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The Writing Round-Up {5.05.18}

Welcome to the May 5, 2018 edition of The Writing Round-Up, a gathering of tips for teaching writing and for growing a writing habit yourself. Thanks for stopping in! Be sure to sign up for our email list to have all of our updates delivered directly to your inbox.

For Teachers of Writers

Creating a Rich Writing Environment:

How do you create a space that welcomes and nurtures writing, and thereby creates a community of writers? Our friends at Writing for Pleasure have some reflection questions for you to consider, as well as a nice list of resources for further exploration.

Year-End Reflections:

Don't let the year slip away without taking some time to reflect on how your writing instruction went this year. You will thank yourself in the fall when you start the year all set to go! Check out our post, "Reflecting On a Year of Teaching Writing," for some reflection questions (plus a FREE RESOURCE) to get you started.

Spelling Strategies:

If you are tired of hearing, "How do you spell ___?", you will enjoy "A Spelling Strategy for Writing" from Mark Weakland Literacy . This strategy can help writers of all grade levels keep moving in their writing instead of the stop-and-go that comes from spelling struggles.

Exploring Writing Identity:

Do your students identify themselves as writers? Do you? The stories we tell ourselves about our abilities directly correlates to the effort we put into activities. Matthew Johnson explores how this applies to the writing classroom in his post, "How to Cultivate Strong Student Writing Identities."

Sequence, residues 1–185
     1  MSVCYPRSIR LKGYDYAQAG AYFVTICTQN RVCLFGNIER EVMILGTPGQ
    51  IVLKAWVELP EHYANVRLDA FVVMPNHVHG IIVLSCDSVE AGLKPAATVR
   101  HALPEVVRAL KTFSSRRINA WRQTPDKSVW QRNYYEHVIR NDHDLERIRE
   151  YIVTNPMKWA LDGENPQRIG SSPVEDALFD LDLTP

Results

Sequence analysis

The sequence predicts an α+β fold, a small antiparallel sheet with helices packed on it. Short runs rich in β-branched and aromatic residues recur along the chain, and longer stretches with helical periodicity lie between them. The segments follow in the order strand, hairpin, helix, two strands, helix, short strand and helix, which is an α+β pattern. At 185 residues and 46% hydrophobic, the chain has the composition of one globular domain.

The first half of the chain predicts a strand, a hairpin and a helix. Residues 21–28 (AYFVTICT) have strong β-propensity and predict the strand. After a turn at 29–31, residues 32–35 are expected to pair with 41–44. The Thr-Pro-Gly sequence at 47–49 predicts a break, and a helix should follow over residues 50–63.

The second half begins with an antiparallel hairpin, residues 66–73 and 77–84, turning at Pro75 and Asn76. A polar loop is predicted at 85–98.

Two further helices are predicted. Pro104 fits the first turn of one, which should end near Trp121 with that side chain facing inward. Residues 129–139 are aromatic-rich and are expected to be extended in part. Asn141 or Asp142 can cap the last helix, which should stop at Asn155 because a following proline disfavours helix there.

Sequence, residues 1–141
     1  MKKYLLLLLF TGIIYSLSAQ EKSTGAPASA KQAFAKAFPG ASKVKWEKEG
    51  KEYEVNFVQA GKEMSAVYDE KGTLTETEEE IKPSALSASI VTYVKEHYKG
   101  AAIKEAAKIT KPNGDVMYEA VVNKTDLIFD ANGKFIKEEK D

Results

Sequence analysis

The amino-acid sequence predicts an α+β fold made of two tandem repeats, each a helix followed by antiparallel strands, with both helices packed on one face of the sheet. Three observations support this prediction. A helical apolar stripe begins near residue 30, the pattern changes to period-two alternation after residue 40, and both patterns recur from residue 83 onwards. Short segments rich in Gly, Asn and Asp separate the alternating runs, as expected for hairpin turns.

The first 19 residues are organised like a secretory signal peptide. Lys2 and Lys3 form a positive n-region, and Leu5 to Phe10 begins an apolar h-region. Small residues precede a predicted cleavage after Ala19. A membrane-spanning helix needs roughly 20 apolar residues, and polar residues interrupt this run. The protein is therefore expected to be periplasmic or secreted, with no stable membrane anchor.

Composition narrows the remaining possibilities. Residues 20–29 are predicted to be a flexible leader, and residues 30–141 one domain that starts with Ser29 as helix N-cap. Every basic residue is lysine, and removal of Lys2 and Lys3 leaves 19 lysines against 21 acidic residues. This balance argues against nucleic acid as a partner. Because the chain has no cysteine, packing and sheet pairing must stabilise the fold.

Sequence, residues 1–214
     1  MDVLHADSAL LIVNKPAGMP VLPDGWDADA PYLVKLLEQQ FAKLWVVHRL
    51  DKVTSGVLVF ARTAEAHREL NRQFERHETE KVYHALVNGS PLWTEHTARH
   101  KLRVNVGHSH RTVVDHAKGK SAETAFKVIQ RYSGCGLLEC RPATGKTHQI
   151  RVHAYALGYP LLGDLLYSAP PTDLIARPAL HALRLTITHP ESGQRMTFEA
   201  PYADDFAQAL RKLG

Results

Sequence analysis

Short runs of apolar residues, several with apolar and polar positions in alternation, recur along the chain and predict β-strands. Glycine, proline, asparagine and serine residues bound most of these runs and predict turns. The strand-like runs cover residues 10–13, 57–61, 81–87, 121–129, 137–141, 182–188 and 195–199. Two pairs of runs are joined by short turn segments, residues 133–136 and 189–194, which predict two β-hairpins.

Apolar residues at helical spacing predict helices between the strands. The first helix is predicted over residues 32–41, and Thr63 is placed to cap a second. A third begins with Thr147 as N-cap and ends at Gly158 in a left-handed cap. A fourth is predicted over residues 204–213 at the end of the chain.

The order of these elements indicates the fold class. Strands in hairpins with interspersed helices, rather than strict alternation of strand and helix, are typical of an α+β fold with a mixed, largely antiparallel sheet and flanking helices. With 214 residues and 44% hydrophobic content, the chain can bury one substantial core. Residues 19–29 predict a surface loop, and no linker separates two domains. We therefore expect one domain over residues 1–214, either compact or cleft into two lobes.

For Teachers Who Write

You CAN Raise Your Creativity:

More research is being done into the realm of creativity and the findings are showing that like intellect, creativity is not fixed. You actually can become more creative! Check out "More Scientific Studies Reveal How We Can Unleash Our Creativity" from Will Burns and Forbes.

10 Things About Writing:

Artist Austin Kleon shares his thoughts on writing in his post, "!0 Things About Writing." Thoughts #3 and #5 are my favorites. How about you?

More Reasons to Write:

Being a teacher who writes builds empathy and understanding for the students we teach. Andrea Marshbank explains more in her Edutopia post, "How Teachers Benefit From Writing".

Time to Chat!

Join us on Monday (5/7/18) at 7:30 pm ET for our monthly Twitter chat. This month, we are chatting about using a Writer's Notebook. Please join us! (Want a text reminder? You can sign up here.)


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261 Writing Sparks to Get You Writing

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